So it is that on New Year's Eve the two boys and their 21-year-old sister, Julie (a day student at nearby Cal State-Fullerton, where Jeremy played for the 1995 national champions), drove to Las Vegas to usher in the new millennium. "Our parents would have gone, too," says Jason, "except that our dad had to stay close to home for the Y2K thing." Their father, John, is the president of a small chain of banks.
You may have a pretty clear idea of the social opportunities awaiting major league players. Now picture the two boys going to Disneyland with the rest of the Giambi family over Christmas. Or imagine them sitting around the dinner table and one of them getting an idea to go to a movie, and the whole bunch trooping off to see Any Given Sunday.
This normalcy is impossible to explain. It's true that John, a Mickey Mantle fan and former junior college ballplayer, placed terry-cloth bats and balls in the boys' cribs soon after they were born, but neither he nor Jeanne was a Little League monster. They were supportive, in that exaggerated suburban way in which parents chauffeur the kids to about 20 activities each week. Kids who jump off roofs and run through sewers can be inclined toward more organized sports as well. At South Hills High in West Covina, both boys played football and basketball in addition to baseball.
It was a typical Southern California upbringing, with the bonus that dad liked to throw BP. Even so, there was never a sense that the kids were being groomed to be pro athletes. Jason, however, had an inkling of his destiny. Throughout grade school, while taking career-day surveys, he would raise his hand and ask his teachers where the box was for baseball player. A lot of kids probably wondered that, but not many of them would grow up to be 6'3" and 235 pounds. "A good thing I made it," he says. "I didn't consider a fallback position."
Jason was the pioneer, going where nobody in his family had gone before, hitting .397 during his career at Long Beach State and then advancing through the A's system slowly but surely. He wasn't a power hitter until he got into pro baseball. But once he started wielding a wooden bat, he noticed that those checked swings that had resulted in opposite-field singles at Long Beach and on the 1992 U.S. Olympic team were producing dribblers and leaving him with splinters in his hands. "So I started pulling the ball," he says—all the way over the fence.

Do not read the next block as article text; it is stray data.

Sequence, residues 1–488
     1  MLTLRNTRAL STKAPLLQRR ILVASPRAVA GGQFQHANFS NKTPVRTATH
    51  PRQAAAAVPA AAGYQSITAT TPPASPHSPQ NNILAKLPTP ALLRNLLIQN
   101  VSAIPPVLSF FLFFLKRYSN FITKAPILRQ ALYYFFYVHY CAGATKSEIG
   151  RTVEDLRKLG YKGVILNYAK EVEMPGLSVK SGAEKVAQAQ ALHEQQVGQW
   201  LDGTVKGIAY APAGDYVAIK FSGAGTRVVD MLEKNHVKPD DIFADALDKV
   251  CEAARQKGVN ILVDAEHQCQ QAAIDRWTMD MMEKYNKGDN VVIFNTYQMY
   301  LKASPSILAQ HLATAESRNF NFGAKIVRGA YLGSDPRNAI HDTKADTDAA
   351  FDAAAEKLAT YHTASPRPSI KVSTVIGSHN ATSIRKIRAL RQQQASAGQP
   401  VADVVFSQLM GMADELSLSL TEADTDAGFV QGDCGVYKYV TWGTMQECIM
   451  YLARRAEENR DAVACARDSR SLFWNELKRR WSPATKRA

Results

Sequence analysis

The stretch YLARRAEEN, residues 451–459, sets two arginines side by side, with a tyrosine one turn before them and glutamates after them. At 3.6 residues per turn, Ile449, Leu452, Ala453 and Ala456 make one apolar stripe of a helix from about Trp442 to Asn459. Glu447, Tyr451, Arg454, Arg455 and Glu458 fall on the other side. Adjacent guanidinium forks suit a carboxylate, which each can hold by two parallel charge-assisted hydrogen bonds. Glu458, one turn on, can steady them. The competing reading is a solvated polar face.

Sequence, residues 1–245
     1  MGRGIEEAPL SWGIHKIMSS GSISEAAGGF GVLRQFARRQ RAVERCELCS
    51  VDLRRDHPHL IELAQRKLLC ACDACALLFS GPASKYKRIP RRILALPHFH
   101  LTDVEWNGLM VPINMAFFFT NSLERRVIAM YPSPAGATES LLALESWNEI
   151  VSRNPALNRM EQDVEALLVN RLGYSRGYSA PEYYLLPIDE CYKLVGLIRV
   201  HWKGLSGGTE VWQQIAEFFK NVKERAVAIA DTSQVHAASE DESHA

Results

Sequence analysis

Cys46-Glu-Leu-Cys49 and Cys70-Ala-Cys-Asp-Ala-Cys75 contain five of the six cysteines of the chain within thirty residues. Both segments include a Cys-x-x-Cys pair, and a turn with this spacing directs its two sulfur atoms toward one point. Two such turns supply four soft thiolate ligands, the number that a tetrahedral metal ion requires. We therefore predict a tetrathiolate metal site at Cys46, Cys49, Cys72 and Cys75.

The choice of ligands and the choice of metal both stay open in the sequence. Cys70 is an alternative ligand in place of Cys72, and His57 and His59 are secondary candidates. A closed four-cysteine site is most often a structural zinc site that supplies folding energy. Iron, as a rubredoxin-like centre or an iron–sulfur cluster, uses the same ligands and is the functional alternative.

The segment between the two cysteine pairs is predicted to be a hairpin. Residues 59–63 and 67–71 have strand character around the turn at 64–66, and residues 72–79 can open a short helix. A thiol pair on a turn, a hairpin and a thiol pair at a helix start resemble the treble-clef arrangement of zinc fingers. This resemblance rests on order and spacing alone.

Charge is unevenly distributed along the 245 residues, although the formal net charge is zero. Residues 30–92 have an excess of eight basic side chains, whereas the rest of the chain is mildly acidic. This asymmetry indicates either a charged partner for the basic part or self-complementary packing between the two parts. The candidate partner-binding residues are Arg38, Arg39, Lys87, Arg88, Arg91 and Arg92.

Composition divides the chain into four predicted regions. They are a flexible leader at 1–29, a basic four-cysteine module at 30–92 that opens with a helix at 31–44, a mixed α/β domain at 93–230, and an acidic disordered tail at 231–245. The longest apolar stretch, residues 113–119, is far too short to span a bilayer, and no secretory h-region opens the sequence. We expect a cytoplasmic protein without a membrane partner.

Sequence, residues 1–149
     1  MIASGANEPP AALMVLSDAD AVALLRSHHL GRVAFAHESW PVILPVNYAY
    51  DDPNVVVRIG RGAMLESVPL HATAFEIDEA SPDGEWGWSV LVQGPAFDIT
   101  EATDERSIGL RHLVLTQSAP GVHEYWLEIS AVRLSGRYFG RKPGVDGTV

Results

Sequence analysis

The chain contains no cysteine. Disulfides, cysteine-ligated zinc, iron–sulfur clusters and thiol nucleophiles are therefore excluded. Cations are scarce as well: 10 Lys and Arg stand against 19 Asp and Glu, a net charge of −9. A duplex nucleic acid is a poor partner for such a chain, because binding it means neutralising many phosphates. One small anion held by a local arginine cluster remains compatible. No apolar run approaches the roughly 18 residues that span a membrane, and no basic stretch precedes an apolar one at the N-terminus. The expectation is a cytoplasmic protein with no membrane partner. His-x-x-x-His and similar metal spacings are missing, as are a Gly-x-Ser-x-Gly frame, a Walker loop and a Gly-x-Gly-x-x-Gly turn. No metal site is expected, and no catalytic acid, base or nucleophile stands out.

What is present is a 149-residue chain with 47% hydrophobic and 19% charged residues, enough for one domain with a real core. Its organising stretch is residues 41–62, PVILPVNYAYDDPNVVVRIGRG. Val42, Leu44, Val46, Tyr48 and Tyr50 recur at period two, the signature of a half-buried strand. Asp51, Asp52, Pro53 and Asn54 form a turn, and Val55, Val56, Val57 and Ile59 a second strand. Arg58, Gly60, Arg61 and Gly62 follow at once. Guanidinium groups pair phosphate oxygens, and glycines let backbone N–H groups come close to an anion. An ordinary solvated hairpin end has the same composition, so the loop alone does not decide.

Jason has a knack for acquiring mentors. Oddly, among the strongest influences on him was Michael Jordan, whom he met at the Olympics and with whom he renewed acquaintances when the two were in the Double A Southern League, Jason with the Huntsville Stars and Jordan with the Birmingham Barons. "I remember standing on third, and here comes Michael sliding into me," Jason says. "He says out of the blue, 'Hey, G.' " They became frequent dining partners, and their relationship intensified when each played in the 1994 Arizona Fall League.
While Jordan taught Jason a lot about handling fame, Mark McGwire, a star on the A's when Jason arrived in Oakland in 1995, taught him to sit on a pitch. "He took me under his wing," Jason says. "That really flattened the learning curve." Jason's at the point now, says Tampa Bay Devil Rays manager Larry Rothschild, where "he doesn't get cheated in his at bats. He's going to find a way to beat you, and it doesn't matter what pitcher he hits against."
This is the gospel, book of Mark. "He's a freak of nature, no question," says Jason of McGwire, "but he's also the toughest guy I know. He taught me a lot about baseball, when to let it loose, for example. My confidence has grown to the point where I want to be that guy, the one at the plate when it counts. Mark helped with that."
But if he and McGwire were best buddies when they were together in Oakland—and remain very close—it was despite some noticeable differences in taste. Jason has gravitated toward an outlaw look, with longish hair and, on his left arm, a bizarre tattoo (the face of a skull with a sun around it, and a tribal band around the biceps). He has become such an avid professional wrestling fan that clubhouse boys have to tape the extravaganzas for him, and he has cultivated some wrestlers as friends. "I've gotten to know Goldberg," he says, in the manner of somebody who feels a bit defensive about such flamboyant name-dropping. "Good guy."
Jason has also acquired a pair of custom-built motorcycles (neither of which he is permitted to ride, by contract, but both of which he rides) of such fearsome design that to see one in your rearview mirror would cause you to immediately pull onto the shoulder and allow certain death to pass you by. "Here, look at this one," he says, pointing to the fuel tank, which depicts the skeletal form of himself swinging the bat. "Oh, I'm a bad boy." Really? "I've got some issues."